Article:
|An exception to copyright allowing non-copyright owners to make "transformative" use of copyrighted material. Acceptable fair use is determined by weighing four factors: purpose, nature of the work, amount and substantiality, and effect on the market.1, 2|
Copyright material resulting from "two or more authors with the intention that their contributions be merged into inseparable or interdependent parts of a unitary whole."3 For example, one person handling the lyrics and the other composing the melody create a song which is a joint work.
Each author "hold[s] an undivided share in the copyright" and can license or use the entire work, but must account for profits to the co-author(s). One author alone may not transfer the copyright without permission from the other authors, however.1
|Royalty||Compensation established by contract or other agreement based on a percentage of sales or revenue. Royalties may be compulsory requirement in exchange for using copyright content.4|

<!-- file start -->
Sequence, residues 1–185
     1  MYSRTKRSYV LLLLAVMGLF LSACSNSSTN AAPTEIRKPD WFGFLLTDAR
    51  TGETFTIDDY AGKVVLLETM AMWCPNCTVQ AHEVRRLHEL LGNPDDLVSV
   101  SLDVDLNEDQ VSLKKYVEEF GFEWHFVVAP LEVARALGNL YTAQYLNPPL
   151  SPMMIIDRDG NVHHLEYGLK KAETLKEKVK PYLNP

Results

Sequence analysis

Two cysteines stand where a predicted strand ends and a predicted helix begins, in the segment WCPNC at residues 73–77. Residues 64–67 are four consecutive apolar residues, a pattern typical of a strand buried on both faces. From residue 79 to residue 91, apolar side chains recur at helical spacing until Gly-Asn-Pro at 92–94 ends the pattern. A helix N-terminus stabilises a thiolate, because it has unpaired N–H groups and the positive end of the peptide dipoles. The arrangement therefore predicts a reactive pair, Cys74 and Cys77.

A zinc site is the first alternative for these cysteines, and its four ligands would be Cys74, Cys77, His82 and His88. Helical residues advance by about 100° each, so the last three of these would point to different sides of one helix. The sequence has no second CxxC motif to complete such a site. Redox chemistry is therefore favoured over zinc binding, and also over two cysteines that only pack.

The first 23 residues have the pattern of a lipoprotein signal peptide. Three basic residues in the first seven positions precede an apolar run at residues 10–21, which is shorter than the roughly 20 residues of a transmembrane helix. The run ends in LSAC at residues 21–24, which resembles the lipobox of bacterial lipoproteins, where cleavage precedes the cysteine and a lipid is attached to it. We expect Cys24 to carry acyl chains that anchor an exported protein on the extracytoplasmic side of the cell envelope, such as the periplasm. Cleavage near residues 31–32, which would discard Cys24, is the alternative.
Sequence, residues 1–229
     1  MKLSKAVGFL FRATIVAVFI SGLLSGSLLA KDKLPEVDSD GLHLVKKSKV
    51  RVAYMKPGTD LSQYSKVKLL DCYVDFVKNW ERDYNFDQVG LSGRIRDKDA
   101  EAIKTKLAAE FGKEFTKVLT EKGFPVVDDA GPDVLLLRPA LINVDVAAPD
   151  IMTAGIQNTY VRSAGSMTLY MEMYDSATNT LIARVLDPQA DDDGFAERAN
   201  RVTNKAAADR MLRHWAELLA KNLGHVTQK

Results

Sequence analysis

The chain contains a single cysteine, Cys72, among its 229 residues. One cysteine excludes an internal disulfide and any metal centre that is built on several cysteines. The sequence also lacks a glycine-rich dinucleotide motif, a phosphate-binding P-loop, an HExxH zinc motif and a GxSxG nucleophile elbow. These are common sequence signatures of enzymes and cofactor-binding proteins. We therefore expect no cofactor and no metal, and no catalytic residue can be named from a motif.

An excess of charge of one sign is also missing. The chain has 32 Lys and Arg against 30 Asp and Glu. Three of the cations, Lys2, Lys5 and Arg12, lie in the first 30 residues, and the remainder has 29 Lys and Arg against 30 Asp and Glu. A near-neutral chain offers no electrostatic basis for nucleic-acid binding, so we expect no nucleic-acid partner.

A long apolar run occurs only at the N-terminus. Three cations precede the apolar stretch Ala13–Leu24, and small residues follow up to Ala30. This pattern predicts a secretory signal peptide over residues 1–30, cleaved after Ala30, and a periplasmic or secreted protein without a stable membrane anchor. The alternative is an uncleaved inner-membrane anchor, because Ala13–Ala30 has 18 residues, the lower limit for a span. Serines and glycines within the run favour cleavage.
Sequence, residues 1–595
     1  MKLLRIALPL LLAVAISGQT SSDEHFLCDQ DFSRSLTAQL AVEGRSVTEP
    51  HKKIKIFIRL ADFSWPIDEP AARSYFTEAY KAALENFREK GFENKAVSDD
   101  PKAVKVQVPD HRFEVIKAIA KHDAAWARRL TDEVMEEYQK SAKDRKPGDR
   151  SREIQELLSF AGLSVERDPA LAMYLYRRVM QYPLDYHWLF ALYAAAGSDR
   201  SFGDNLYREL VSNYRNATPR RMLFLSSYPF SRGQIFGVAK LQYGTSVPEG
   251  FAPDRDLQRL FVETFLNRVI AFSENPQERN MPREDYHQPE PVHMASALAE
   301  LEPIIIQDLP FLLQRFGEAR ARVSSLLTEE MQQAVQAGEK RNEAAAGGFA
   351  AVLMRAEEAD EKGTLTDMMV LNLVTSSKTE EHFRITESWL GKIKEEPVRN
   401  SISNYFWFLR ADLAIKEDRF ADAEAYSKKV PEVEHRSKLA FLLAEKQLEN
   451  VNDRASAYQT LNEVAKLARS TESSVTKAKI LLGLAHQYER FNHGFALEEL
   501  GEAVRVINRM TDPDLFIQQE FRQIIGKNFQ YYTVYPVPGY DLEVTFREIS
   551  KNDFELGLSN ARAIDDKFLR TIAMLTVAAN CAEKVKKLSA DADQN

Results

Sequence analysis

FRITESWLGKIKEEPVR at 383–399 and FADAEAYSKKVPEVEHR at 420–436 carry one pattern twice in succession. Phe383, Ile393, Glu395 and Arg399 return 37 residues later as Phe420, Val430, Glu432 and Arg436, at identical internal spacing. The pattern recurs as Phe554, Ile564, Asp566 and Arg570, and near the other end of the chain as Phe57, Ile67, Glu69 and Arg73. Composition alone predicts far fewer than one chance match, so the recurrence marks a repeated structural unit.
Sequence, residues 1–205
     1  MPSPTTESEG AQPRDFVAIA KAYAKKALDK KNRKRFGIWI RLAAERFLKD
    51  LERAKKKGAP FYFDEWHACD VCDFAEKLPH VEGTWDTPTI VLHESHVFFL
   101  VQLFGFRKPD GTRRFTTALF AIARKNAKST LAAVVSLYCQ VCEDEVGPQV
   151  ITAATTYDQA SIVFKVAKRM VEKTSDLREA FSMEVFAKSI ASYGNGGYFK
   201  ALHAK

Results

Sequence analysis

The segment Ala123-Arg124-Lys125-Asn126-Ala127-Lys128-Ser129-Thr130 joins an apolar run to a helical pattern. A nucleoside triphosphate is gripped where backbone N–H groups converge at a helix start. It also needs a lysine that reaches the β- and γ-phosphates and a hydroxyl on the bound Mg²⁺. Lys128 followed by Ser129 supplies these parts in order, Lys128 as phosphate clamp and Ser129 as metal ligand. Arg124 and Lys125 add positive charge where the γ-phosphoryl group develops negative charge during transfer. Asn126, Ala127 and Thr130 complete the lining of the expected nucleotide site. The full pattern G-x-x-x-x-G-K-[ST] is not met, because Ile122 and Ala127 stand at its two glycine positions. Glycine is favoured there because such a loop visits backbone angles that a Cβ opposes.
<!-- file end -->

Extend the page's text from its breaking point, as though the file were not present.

Work (Made) for Hire
"A work prepared by an employee within the scope of their employment, and a work by an independent contractor specially commissioned for an employer."1
The employer (whether a "firm, organization, or individual") "is considered the owner the author and the copyright owner."1
In the case of specially commissioned works, there are a lot of legal ramifications and criteria for this to apply, including that both parties must agree to and sign a written agreement that the work shall be considered a WMFH.
1 Crews, K. (2012). Copyright law for librarians and educators: Creative strategies & practical solutions (3rd ed.). Chicago, IL: American Library Association.
2 Stim, R. (n.d.). What is fair use? Copyright & Fair Use, Stanford University Libraries. Retrieved from https://fairuse.stanford.edu/overview/fair-use/what-is-fair-use/
3 Legal Information Institute (n.d.). Joint work. Wex, Cornell Law School. Retrieved from https://www.law.cornell.edu/wex/joint_work
4 Legal Information Institute (n.d.). Royalty. Wex, Cornell Law School. Retrieved from https://www.law.cornell.edu/wex/royalty
Copyright is automatically applied to "original works of authorship fixed in any tangible medium of expression" (Section 102(a)). However, you may still want to formally register a copyright, especially if you want to be able "to bring a lawsuit for infringement."
Fixed in a Tangible Medium: